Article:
Cecil the lion's killing could cost Zimbabwe tourism

Rachel Augusta leads the protest of the killing of Cecil the lion in the parking lot of hunter Dr. Walter Palmer's River Bluff Dental Clinic on July 29, 2015 in Bloomington, Minnesota.
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A Minnesota dentist may have temporarily lost his practice as a result of killing widely loved Cecil the lion, but the country of Zimbabwe stands to lose a lot more—millions of dollars more.

Outrage over the lion's death has renewed pressure on the U.S. Fish and Wildlife Service to protect the animals under the Endangered Species Act, with one petition surpassing 1 million signatures. Four U.S. senators introduced a bill Friday that seeks to extend further protection for lions.

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If those efforts prove successful, they would likely prevent lion trophies from being brought into the country, potentially hurting Zimbabwe's tourism industry. In 2013, the sector accounted for more than 10 percent of the country's GDP, with a direct contribution of $71 billion, nearly double the global average on a percentage basis, according to the World Travel & Tourism Council.

It's important to note that there are many more ecotourists in Zimbabwe than there are hunters, and the former part of the tourism industry is worth much more than hunting. The $20 million in annual Zimbabwean hunting revenue pales in comparison to the $200 million brought in by ecotourism, according to Zimbabwe Conservation Task Force Chairman Johnny Rodrigues.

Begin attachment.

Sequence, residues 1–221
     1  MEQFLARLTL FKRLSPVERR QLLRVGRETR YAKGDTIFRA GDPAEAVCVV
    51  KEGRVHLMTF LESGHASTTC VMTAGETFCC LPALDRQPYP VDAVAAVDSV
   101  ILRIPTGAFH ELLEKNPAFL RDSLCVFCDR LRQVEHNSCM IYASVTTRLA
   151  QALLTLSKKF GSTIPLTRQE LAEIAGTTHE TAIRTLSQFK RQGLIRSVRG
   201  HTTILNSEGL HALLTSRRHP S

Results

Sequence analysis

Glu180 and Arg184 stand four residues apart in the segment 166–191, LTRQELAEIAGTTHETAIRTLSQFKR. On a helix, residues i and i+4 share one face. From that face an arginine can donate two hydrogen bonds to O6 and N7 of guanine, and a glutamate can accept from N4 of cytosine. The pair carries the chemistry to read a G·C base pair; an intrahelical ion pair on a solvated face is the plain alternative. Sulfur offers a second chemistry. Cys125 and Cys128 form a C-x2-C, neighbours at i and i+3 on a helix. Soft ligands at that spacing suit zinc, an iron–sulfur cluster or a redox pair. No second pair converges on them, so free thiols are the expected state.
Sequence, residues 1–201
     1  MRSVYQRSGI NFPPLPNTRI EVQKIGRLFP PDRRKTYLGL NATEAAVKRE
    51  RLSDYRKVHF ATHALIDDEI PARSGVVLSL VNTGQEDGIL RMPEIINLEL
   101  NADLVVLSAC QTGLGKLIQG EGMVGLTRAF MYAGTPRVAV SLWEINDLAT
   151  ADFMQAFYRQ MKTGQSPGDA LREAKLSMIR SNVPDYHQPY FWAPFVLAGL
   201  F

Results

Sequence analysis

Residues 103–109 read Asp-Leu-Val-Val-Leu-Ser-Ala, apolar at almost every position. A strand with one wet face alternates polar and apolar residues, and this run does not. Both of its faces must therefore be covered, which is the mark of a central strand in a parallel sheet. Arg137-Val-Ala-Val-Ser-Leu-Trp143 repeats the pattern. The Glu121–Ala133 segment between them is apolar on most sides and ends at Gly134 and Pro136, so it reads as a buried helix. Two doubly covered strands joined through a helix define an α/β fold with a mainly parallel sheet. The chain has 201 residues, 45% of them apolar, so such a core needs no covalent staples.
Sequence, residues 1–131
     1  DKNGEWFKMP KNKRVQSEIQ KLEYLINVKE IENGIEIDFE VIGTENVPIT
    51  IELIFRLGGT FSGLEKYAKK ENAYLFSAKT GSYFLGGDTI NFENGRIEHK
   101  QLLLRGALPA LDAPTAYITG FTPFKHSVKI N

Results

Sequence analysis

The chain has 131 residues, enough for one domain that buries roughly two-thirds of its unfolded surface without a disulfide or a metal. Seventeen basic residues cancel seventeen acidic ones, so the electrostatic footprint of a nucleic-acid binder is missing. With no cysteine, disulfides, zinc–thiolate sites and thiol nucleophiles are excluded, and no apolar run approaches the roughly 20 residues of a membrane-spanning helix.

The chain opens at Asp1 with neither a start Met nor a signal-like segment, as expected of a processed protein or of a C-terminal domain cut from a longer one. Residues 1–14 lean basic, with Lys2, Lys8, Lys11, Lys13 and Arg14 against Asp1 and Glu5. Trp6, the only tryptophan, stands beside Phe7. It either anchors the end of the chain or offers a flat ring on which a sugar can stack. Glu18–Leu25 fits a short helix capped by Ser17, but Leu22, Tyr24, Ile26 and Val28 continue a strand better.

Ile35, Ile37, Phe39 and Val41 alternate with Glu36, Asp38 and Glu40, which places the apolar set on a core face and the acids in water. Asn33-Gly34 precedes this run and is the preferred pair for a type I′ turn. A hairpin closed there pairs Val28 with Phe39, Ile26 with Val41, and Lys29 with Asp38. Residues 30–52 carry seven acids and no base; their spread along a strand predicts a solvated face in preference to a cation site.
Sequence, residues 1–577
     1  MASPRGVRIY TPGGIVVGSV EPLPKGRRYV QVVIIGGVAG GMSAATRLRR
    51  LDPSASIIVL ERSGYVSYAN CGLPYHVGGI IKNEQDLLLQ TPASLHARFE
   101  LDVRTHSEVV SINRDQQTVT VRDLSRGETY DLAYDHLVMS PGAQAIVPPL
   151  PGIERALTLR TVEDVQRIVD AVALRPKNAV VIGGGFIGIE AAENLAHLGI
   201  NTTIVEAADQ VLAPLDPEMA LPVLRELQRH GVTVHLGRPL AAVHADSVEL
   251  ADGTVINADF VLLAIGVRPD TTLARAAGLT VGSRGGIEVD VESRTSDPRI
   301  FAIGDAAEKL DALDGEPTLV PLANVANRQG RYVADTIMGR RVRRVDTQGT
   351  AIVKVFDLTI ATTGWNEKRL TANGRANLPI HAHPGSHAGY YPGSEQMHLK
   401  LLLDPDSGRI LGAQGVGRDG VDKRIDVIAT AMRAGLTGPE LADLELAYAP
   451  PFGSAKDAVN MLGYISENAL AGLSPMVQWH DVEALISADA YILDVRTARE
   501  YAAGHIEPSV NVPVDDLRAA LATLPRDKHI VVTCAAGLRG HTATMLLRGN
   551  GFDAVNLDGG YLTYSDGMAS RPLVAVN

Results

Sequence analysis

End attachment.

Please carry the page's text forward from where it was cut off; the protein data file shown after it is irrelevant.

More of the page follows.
Hunting advocates make the argument that without the money being brought in through consumptive tourism there would not be funding for conservation efforts and protection from poachers to keep both animals and the country's larger ecotourism sector alive.

There's precedent for U.S. law affecting the Zimbabwean hunting industry. In April 2014, citing questionable management systems and a lack of effective law enforcement, the U.S. Fish and Wildlife Service suspended the importation of elephant trophies taken from Zimbabwe. Since then, the country's hunting revenue has fallen more than 22 percent, according to the Communal Areas Management Program for Indigenous Resources, or Campfire, which is in charge of distributing hunting income to Zimbabwean communities.

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From Campfire's founding in 1989 to 2001, $20 million was transferred to participating communities, with 89 percent of that coming directly from sport hunting, according to one study.

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Amy Dickman, a senior researcher with WildCRU (the same team that was studying Cecil) said she believes that overreacting to the killing of Cecil could have detrimental effects.

"If you completely stop something like hunting, it will have an economic impact," she told CNBC. "While that might help conservation in the short term, there aren't any guarantees (that) others won't find economic reasons like mining to destroy habitats that trophy hunting has shared an incentive to protect."

To be sure, a U.S. ban on lion trophies might not affect Zimbabwe hunting revenue in the same way the ban on elephant trophies did, due to the country's relatively low lion quotas compared with those for elephants and other game. Still, each lion hunt can bring in more than $55,000 and average nearly 50 percent more income for Zimbabwe operators than elephant hunts, according to a study.

Unlike the previous ban on elephant trophies which specifically targeted Zimbabwe, the proposed U.S. legislation would affect all imported lion trophies and hunting industries across Africa.